The British Dental Association is calling for the reinstatement of the option for dentists to charge a fee for missed appointments.
A survey conducted by the BDA suggests that NHS dentists in England each lose the equivalent of almost two weeks a year because patients fail to turn up for appointments and this could be denying significant numbers of other people the chance to access dental care.
The research indicates that more than three-and-a-half million dental appointments were missed last year with the problem being more prevalent among new patients. Findings also suggest that the problem has become more acute since the ability to charge patients for missed appointments was abolished in the 2006 dental reforms.
John Milne, Chair of the BDA’s General Dental Practice Committee, said: "Sometimes there are genuine reasons why it’s just not possible for a patient to keep an appointment with their dentist and everybody understands that, but the results of this research suggest that the scale of this problem is significant.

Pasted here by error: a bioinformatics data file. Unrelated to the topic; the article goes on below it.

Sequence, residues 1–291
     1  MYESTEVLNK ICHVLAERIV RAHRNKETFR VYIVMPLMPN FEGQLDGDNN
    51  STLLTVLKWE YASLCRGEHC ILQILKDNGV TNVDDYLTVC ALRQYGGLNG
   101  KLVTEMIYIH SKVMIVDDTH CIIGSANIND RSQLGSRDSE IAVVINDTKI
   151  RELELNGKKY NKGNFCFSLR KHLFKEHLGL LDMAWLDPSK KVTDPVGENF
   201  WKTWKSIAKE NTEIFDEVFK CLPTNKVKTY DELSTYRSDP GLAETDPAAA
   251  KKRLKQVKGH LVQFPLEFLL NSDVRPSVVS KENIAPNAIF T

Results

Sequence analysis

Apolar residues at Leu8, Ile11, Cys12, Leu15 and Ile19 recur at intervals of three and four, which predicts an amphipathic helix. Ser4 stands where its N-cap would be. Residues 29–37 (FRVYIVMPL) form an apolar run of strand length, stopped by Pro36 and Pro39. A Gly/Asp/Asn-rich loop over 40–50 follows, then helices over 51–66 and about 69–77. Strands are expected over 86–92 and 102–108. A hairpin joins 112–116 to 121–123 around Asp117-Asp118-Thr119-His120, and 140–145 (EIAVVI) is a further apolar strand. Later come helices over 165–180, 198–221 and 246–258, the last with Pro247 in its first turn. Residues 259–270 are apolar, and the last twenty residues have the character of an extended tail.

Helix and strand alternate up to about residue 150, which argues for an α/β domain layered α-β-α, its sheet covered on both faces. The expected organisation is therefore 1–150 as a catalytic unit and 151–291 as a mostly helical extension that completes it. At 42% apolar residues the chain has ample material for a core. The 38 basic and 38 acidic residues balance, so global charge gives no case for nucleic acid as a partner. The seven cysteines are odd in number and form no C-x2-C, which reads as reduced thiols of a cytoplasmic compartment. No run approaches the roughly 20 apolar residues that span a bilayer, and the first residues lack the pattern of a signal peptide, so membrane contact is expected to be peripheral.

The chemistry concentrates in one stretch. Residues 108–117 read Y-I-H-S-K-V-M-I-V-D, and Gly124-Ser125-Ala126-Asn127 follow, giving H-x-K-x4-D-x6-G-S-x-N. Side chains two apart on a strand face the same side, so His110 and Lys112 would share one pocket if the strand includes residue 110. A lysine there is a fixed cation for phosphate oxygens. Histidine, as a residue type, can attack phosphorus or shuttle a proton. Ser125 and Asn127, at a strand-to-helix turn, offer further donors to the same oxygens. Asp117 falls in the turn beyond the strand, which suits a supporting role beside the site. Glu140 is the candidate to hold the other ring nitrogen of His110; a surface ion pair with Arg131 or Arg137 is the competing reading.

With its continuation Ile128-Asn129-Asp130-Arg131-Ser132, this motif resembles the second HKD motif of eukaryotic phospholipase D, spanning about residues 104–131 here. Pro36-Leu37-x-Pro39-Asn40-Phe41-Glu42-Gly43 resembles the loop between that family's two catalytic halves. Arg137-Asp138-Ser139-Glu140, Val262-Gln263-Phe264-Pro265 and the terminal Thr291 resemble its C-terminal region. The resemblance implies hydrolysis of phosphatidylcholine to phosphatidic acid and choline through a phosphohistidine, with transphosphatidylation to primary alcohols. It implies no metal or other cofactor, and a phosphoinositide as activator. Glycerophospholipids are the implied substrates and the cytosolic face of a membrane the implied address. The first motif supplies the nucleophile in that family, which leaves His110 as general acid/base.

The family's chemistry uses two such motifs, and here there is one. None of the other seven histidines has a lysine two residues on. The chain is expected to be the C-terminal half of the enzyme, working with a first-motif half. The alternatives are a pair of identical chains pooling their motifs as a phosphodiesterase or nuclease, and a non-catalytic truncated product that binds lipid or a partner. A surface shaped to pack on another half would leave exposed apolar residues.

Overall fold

"Dental surgeries use letters, telephone calls and even text messages to remind patients of forthcoming appointments, so it’s really disappointing to see that so many people appear prepared to deny others access to care by failing to show up. This not only wastes dentists’ time, but also taxpayers’ money. With many people still failing to secure the dental appointments they want, and the public purse under pressure, that’s simply unacceptable. This problem needs to be tackled and the BDA believes that the Government should consider reintroducing a fee for patients who miss appointments to deter them from doing so."
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